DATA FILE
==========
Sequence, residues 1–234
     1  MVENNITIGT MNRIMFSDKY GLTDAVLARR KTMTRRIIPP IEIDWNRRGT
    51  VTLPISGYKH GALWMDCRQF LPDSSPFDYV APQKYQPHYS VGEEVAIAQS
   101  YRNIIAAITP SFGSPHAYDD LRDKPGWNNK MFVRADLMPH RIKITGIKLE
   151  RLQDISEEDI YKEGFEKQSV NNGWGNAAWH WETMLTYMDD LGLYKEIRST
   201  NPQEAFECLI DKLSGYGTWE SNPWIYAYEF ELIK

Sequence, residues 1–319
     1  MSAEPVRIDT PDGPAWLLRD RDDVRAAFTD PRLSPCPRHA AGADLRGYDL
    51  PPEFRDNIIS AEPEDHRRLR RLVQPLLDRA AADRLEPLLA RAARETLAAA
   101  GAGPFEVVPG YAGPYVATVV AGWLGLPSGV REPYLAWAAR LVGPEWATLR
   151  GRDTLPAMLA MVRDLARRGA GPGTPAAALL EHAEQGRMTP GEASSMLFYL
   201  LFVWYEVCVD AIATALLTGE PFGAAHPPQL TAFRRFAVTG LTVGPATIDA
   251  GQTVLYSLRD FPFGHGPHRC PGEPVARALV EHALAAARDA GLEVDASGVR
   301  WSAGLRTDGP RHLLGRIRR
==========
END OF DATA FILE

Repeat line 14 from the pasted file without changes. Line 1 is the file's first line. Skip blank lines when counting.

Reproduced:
   301  WSAGLRTDGP RHLLGRIRR